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Despite the fact that most people are doing "very nicely thank you" with their ADSL broadband connections, the government has told us that we need an ultra-fast fibre-based broadband system to retain our international competitiveness.
Perhaps that's true. After all, we wouldn't want to fall behind the rest of the world in our ability to illegally download movies, watch porn and browse millions of mindless YouTube videos -- would we?
Great minds (no doubt similar to the ones who have been running Solid Energy) were put to work costing this new UFB system and work is now well underway.
According to reports in the media, the wheels are already starting to wobble on this high-speed trolley to nowhere.
First up, there's the cost overruns.
According to this story the first of those overruns could add an extra $300m to the total price of this network.
Surely that's not good.
However, the bigger problem appears to be that those behind this scheme were watching too many US-made movies about baseball diamonds hewn out of corn-fields and are only now discovering that "if you build it, they might not come".
You'd think that if the UFB was going to deliver such massive benefits to users, they'd be lined up to connect -- as soon as that was possible. Unfortunately, that's exactly what's not happening.
Apparently, only 2.8% of those who are already able to get a UFB connection have bothered. The rest are seemingly more than happy with their old ADSL connection, at least for the time being.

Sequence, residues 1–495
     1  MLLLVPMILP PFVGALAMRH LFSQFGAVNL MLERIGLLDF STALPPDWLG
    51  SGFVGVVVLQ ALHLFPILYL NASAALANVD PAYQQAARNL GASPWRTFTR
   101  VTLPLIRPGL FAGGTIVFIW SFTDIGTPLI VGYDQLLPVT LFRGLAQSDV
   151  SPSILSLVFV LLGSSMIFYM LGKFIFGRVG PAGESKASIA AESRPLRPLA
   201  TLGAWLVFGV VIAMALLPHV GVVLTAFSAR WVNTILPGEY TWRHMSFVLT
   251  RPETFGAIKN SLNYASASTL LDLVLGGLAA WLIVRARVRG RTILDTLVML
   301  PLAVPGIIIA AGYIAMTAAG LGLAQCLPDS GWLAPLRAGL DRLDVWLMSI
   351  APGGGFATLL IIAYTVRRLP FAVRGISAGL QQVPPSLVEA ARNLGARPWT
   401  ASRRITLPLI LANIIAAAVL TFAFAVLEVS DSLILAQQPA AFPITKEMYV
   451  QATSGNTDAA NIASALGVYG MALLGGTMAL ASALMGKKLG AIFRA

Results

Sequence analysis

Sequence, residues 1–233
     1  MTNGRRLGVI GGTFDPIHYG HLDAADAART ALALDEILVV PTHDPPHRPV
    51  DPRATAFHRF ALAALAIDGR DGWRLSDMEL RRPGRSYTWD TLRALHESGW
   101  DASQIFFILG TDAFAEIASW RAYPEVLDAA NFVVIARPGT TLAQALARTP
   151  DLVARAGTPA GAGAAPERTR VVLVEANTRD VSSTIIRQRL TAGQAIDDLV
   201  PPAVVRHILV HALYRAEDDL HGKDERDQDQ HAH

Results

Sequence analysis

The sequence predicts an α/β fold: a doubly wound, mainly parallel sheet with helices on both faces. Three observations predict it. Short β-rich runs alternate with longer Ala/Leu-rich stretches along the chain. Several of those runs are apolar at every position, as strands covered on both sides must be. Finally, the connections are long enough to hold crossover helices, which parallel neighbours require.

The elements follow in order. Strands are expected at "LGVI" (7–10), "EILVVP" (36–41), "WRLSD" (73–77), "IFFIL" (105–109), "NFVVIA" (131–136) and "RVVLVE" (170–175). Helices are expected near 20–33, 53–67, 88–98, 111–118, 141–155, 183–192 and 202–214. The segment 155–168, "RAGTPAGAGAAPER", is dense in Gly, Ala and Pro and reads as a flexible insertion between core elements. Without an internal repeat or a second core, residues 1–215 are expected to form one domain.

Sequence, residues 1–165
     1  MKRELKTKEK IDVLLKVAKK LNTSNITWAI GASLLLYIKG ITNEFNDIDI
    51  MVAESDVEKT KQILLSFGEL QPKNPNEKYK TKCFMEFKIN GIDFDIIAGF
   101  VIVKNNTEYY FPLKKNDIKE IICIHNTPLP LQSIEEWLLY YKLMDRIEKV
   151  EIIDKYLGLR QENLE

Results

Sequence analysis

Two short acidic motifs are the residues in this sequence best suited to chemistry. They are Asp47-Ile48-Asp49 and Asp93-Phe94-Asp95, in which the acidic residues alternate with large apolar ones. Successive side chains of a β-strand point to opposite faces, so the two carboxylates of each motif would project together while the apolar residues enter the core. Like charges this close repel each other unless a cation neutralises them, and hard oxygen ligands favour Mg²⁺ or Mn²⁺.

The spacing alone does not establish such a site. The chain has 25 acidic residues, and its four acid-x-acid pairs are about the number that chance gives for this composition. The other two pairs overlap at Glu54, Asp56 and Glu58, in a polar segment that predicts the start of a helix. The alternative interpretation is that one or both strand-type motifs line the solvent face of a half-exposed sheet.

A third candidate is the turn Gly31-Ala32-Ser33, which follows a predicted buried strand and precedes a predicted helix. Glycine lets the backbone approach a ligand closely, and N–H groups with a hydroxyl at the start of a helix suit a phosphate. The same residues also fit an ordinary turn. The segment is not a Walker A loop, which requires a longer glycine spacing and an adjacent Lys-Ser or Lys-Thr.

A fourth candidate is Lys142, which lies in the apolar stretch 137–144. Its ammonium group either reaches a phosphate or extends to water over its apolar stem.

Why is this?
Well perhaps it's in part because ADSL prices have dropped significantly of late. My total telco spend has fallen from $140/month to just $100 a month -- thanks mainly to a noticeable reduction in the rate I pay for my broadband data.
Then there's the issue of "getting connected" to the UFB. Even if the fibre runs right past your door there may well still be some digging and extra cost associated with hooking you up -- and who's going to pay that if their ADSL delivers all that's needed for the time being?
Also, given that a fairly sizable chunk of NZ's population are now renting rather than owning their own homes, it's quite likely that someone who is merely a tenant will find it difficult to get the landlord's permission for any earthworks. What's more, given the month-to-month nature of most tenancies, who's going to fork out a fist-full of money to get UFB in a rented property when they might find themselves "down the road" whenever the house is sold or the landlord decides to take possession for whatever reason?
Perhaps the only time the UFB will really become sought-after is when we have an abundance of IP-based TV channels, which I'm sure will happen eventually -- but not for a while.
In the meantime the UFB is looking like the solution to a problem that does not (yet) exist.
Is UFB available in your street?
When it is available, will you be hooking up straight away?
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